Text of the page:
Soda, Pop, or Coke? Who Says What in America
I just found a site that could waste a whole lot of my time (thanks a lot, Sharon!). It shows how people across the United States use and pronounce words differently from one another. Living on the East Coast, I have always referred to soft drinks as soda. My friends from the Midwest, however, call it pop. Parts of the deep south refer to all soft drinks as coke. Apparently no one really calls them soft drinks.
But most of us know at least something of this. But wait, there’s more!
Joshua Katz, a Ph.D. student in linguistics at North Caroline State University recently published a fascinating set of maps illustrating the findings of a dialect survey by Professor Bert Vaux and Scott Golder.
I discovered the site through an article in Business Insider, but there’s lots more on the original site. You can even search for particular cities to see local survey results (59.1% of my hometown says soda, 23.1 says coke, 9.9 says soft drink, and only 7.9 call it pop.)
Here are some tidbits I’ve learned:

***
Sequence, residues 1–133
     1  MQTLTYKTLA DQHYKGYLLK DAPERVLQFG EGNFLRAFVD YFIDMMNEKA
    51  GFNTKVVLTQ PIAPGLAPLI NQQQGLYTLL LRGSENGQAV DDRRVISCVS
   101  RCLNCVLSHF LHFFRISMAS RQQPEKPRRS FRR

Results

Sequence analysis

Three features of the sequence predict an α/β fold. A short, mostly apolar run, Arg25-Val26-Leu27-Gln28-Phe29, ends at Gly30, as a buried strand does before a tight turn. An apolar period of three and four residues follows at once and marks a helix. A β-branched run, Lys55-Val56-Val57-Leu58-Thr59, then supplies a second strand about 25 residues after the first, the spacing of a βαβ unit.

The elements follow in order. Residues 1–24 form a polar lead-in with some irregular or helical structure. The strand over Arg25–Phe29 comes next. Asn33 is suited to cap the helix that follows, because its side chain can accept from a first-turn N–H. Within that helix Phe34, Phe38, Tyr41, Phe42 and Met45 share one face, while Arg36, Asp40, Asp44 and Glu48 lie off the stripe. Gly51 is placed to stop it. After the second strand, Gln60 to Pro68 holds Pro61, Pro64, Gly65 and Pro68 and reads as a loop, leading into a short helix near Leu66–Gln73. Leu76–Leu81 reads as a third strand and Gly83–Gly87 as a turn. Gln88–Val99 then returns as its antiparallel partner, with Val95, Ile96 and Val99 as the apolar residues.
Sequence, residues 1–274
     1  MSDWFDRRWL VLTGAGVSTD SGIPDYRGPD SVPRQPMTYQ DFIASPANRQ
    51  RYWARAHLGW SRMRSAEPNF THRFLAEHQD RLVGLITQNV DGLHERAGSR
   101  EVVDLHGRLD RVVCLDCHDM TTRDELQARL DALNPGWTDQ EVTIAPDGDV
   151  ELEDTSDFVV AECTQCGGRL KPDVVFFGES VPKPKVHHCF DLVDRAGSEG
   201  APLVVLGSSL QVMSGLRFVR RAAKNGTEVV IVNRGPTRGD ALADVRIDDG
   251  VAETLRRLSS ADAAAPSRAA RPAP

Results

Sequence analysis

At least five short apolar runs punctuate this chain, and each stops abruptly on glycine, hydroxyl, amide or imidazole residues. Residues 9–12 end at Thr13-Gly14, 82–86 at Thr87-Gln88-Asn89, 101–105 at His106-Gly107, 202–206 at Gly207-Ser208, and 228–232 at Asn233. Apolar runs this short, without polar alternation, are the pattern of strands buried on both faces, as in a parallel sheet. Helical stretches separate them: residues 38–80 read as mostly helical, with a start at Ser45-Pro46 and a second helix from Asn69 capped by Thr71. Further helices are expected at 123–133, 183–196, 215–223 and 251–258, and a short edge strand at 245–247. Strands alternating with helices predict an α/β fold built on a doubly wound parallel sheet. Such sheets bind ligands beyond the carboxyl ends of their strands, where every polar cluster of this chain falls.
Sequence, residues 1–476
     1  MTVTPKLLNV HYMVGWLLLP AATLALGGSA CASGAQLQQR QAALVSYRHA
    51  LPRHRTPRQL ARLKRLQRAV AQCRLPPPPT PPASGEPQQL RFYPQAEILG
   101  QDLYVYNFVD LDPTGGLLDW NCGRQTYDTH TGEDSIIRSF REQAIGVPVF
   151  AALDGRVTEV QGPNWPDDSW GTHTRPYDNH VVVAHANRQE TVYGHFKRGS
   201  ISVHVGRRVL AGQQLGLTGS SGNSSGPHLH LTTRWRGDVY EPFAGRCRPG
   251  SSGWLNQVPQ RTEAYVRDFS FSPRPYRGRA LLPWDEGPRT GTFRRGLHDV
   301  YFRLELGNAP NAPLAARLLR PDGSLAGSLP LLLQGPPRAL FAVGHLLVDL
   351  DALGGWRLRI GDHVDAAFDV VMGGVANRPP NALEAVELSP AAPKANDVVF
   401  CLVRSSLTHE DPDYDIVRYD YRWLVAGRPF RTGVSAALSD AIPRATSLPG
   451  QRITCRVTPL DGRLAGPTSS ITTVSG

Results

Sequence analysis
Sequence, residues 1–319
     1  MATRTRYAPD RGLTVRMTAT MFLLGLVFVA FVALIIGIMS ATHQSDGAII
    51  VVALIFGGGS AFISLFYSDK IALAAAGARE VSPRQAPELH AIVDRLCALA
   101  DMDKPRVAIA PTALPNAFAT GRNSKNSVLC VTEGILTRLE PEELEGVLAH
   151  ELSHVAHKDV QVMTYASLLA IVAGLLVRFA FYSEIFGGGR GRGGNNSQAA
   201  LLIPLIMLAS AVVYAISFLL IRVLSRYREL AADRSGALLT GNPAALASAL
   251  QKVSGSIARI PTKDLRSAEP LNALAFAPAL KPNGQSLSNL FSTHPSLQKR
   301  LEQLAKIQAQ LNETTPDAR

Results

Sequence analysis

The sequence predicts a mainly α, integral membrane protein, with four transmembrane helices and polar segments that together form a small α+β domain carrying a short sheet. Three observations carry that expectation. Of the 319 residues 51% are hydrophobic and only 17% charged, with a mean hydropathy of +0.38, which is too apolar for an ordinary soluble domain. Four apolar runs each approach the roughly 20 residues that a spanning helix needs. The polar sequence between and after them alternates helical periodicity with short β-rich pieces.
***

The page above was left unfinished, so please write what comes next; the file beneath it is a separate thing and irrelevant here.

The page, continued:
- Almost everybody pronounces aunt identically with ant. Only around Massachusetts is aunt most often pronounced ahnt. In parts of Minnesota, North and South Dakota it’s about 50-50.
- People call a long sandwich with cold cuts a sub. Unless you live in Philadelphia. Only there is it a hoagie. Folks down in Louisiana call it a po-boy some, but even there, sub is still most common.
- In Philadelphia, New York City, and New Jersey, they pronounce syrup see-rup. Everyone else says sir-rup.
- The South and East Coast (except for South Jersey and Delaware) pronounce caramel with three syllables. The rest of the country prefers two.
- There are four different popular ways to pronounce pecan. PEE-can in New England and eastern Virginia, North and South Carolina. PEE-kahn in northern Michigan and Minnesota. Pick-AHN along much of the Mississippi, Oklahoma, and northeast Texas. Everybody else prefers pee-KAHN.
- Ya’ll is the preferred 2nd person plural pronoun from Virginia to Texas. Kentucky leans toward you all. On the northern border of these states, they use the technically correct you. The rest of the country, including south Florida, most often says you guys.
There’s much more. I invite you to check it out. Below is a little sampling.
Ya’ll please leave your comments below, hear?